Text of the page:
All posts by Denis Condon

HoMER 2020 Postponed

With great sadness, the HoMER 2020 organizing committee has decided to postpone this year’s conference. This decision is made in the light of increasing restrictions to international travel and the closing of educational institutions in Ireland in response to the COVID-19 crisis. We are very sorry for any inconvenience caused. We hope to run the conference next year in Maynooth but will be in touch again soon when we have had a chance to make more detailed plans.
In the meantime, we wish all the best to our colleagues, their friends and families and hope that you come through this crisis safely.

Registration Open for HoMER 2020: Integrating Traditions, 25-27 May 2020, Maynooth University, Ireland

Registration is now open for the HoMER Network’s 2020 conference, which will take place at Maynooth University, Co. Kildare, Ireland on 25-27 May 2020.

Keynote Speakers:

Professor Shelley Stamp (Film + Digital Media, University of California, Santa Cruz)

Professor Joao Luiz Vieira (Cinema and Audiovisual Studies, Universidade Federal Fluminese, Niterói) 

At HoMER 2019 in Nassau, the conference explored ways of developing a more theoretical and methodological grounding for New Cinema History research. Since emerging as a vibrant field of research in the early 2000s, New Cinema History has sought to distinguish itself from Film History by ‘shift[ing] its focus away from the content of films’, in order to examine cinema as a ‘site of social and cultural exchange’ (Maltby 2011: 3). However, in recent years there have been calls to reconsider the significance of the film itself within New Cinema History research. For the Homer 2020 conference INTEGRATING TRADITIONS, we would like to continue answering that call: as cinema historians, we have traditionally drawn on frameworks and methodologies found in fields such as Social Geography, Economics, and Psychology, but how do we integrate these approaches with those of Film History and Film Studies more broadly? Furthermore, in order to become ‘methodologically more mature’ as a discipline, we must also reflect on how we approach comparative research as an essential part of our studies (Biltereyst and Meers 2016: 25). Several empirical research projects have already used these methods within New Cinema History, comparing the cinema-going experience across cultural and geographical contexts; however, still lacking is the integration of productive methodologies from Film Studies.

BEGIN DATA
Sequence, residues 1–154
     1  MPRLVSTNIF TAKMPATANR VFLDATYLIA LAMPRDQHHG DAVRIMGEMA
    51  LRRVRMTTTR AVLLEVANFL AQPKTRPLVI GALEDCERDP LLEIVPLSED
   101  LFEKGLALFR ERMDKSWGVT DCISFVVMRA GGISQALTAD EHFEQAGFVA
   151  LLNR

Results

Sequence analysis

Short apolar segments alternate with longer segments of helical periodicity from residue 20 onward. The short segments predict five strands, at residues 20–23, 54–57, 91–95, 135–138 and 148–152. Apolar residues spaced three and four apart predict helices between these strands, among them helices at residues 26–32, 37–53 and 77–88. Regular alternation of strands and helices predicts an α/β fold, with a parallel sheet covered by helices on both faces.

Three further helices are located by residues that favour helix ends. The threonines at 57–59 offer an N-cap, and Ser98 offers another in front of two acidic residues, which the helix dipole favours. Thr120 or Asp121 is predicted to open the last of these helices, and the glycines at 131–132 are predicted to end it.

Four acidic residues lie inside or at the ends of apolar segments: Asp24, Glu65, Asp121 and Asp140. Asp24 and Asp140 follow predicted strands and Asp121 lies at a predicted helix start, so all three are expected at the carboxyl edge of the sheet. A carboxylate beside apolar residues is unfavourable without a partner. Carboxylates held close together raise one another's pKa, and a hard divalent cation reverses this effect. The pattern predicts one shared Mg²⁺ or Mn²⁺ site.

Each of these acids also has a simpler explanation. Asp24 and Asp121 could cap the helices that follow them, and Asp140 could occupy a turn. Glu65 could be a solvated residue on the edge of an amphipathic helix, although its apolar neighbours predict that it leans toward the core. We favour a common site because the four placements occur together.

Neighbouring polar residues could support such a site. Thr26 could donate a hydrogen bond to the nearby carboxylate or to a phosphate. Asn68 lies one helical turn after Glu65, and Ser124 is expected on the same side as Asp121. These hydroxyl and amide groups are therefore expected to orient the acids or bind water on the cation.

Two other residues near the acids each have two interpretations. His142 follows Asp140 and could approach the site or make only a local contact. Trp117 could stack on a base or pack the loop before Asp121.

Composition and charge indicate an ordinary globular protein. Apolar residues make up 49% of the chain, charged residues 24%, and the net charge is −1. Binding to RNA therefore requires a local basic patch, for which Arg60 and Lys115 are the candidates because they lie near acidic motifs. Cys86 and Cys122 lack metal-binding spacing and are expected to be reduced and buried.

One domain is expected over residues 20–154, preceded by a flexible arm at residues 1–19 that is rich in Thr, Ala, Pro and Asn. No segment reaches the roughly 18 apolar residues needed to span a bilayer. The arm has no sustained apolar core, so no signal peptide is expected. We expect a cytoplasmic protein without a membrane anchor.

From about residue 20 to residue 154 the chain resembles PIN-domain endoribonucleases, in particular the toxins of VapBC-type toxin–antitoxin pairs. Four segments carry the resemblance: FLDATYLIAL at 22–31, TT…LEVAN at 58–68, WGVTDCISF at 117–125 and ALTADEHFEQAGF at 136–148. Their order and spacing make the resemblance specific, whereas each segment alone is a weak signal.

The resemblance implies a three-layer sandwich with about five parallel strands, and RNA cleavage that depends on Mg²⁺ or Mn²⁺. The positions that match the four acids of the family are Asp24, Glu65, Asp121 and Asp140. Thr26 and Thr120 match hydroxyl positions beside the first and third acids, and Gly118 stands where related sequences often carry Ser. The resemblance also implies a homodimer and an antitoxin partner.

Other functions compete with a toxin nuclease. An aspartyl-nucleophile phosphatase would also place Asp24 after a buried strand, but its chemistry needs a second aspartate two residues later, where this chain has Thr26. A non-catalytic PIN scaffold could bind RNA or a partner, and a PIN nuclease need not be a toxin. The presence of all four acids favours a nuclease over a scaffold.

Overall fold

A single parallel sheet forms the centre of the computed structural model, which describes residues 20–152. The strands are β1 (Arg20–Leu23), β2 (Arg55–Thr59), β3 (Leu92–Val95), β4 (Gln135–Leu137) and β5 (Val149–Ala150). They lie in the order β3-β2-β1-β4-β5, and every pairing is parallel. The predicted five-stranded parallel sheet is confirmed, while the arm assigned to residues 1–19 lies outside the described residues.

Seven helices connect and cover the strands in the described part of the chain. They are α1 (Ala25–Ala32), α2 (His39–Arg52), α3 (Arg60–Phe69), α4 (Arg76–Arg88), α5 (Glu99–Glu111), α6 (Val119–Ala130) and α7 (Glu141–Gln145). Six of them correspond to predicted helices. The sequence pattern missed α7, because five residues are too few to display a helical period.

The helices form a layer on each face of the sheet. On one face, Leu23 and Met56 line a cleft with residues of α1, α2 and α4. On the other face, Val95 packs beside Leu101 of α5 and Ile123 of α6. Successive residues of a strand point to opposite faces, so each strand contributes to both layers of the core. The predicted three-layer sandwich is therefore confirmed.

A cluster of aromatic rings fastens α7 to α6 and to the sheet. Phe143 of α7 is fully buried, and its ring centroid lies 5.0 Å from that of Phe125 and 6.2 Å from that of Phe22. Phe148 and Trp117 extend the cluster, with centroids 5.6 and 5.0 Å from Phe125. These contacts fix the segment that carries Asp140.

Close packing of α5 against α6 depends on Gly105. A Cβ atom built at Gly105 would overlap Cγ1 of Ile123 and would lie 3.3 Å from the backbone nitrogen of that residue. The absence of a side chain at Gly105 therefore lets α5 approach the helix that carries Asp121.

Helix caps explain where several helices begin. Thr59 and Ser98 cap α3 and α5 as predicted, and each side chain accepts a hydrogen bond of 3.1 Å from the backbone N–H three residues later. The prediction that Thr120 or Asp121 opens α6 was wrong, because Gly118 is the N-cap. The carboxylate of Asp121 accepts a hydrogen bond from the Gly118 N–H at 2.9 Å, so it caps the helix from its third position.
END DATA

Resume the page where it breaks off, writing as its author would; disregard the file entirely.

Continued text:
The aim of HoMER 2020 is to investigate how the traditional approaches of Film Studies  – as well as those disciplines that have shaped NCH to date – can be productively integrated.